The abuse of alcohol is often a factor in contested child custody and access hearings. While “social” drinking has never been a concern, where a parent has a history of alcoholism, binge drinking, or drinking and driving, a court will seriously examine whether alcohol abuse is present and take steps to ensure children are protected from its impact.
With the legalization of marijuana in Washington State and Colorado, and the introduction of decriminalization bills in New Jersey, Texas and New Hampshire, family court judges will be faced with a fresh dilemma. When smoking marijuana was against the law, it was clear: a parent who broke the law may not be a suitable custodial parent in some jurisdictions. More often both parents engaged in the activity so the issue never saw the light of day in a courtroom.
But in states where marijuana is now legal and government regulated, it can’t be any different from the consumption of alcohol, which is not a problem unless it results in dangerous behavior affecting the child.
Also consider whether smoking pot in a state where it is not legal but has been decriminalized is any different? Marijuana advocates, who favour legalization, realize that in many jurisdictions legalized pot may be difficult to achieve, but who can argue against decriminalizing marijuana possession in small amounts?
It is inevitable that the legalization/decriminalization debate will come to Canada, particularly if the Liberals are able to oust the Conservative Harper government.
Scott and Carrie Dole were on TV, jumping for joy and embracing after Scott scooped up $51,600 as a Wheel of Fortune winner. However, the joy turned to resentment and then litigation when the previously separated couple split up a month after the win, and Carrie wanted her share of the prize.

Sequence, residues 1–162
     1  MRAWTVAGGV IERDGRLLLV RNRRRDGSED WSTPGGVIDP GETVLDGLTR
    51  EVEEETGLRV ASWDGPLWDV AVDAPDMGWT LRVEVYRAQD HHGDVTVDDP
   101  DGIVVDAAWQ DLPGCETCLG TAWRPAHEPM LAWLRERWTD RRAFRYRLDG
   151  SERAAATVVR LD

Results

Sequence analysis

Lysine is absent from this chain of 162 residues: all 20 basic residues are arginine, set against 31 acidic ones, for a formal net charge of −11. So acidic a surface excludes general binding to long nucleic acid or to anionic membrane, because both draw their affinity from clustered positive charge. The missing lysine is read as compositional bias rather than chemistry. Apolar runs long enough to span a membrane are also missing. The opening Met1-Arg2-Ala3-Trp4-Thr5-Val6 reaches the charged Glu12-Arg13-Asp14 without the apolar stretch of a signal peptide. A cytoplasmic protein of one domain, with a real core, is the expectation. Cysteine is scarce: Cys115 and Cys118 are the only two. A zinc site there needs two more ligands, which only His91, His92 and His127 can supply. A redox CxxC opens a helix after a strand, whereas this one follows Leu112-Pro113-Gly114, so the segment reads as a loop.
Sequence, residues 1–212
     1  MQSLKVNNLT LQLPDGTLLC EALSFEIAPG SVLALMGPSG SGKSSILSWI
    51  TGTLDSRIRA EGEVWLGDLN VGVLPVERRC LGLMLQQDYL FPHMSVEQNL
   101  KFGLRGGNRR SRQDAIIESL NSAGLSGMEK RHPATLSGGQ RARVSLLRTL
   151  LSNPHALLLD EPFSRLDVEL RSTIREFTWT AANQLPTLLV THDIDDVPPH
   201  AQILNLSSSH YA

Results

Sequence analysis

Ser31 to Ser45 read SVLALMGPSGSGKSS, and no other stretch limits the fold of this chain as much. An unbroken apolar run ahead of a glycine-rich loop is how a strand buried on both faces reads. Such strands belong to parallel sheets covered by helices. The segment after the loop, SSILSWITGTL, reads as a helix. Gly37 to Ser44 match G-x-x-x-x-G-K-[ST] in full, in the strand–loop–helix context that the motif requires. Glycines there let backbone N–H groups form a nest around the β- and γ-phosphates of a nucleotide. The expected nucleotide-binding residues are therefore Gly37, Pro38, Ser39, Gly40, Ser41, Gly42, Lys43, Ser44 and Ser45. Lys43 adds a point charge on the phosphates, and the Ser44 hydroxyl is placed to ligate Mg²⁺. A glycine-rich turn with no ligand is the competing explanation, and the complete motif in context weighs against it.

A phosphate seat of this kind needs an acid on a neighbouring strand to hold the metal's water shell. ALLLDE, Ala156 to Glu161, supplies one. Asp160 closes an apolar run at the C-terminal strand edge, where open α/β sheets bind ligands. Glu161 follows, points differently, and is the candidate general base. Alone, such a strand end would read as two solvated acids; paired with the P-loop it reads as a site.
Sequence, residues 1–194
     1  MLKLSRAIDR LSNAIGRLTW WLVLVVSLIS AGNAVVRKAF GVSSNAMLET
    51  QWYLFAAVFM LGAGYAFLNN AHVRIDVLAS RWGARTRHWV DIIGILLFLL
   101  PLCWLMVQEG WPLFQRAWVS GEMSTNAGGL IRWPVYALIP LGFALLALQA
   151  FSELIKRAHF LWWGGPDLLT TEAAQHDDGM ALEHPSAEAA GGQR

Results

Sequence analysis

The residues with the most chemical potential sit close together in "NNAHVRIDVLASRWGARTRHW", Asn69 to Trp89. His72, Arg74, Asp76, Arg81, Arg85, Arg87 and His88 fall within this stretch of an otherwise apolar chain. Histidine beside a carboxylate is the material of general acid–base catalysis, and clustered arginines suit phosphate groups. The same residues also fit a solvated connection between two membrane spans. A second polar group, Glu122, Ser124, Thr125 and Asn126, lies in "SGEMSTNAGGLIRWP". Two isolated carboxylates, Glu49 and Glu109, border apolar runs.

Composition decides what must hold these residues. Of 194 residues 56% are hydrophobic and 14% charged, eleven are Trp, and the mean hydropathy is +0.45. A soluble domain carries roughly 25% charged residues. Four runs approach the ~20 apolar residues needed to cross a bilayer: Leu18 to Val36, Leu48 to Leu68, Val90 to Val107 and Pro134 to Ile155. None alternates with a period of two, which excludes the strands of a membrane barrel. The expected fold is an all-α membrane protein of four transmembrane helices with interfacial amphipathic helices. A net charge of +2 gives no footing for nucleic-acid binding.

During their previous separation Carrie had filed for divorce and although she instructed her lawyer to discontinue the action, it remained alive, so once the couple separated for the last time, she added a new claim to the divorce petition seeking one-half of the winnings.
Her lawyer argued that since the couple had reconciled and traveled and attended the Wheel of Fortune television taping together, the money ought to be shared between them as community property under Washington State family law.
Scott Dole was adamantly opposed to splitting the winnings and suggested that a monetary gift from his father to the two of them during the marriage provided a set-off to his windfall monies.
The Court disagreed with Mr. Cole who, after losing the case, confirmed that he had expected the court to divide the funds 50/50 and that he intended to give his half-share to charity.
The obvious question arises “Why would he fight his ex over this issue when he apparently knew he had a losing case and didn’t need the money anyway?”
Simple answer: It’s called family law litigation. Rationality seems to flee from some divorce litigants who would rather pay a lawyer than give in to their spouse. Sad and stupid.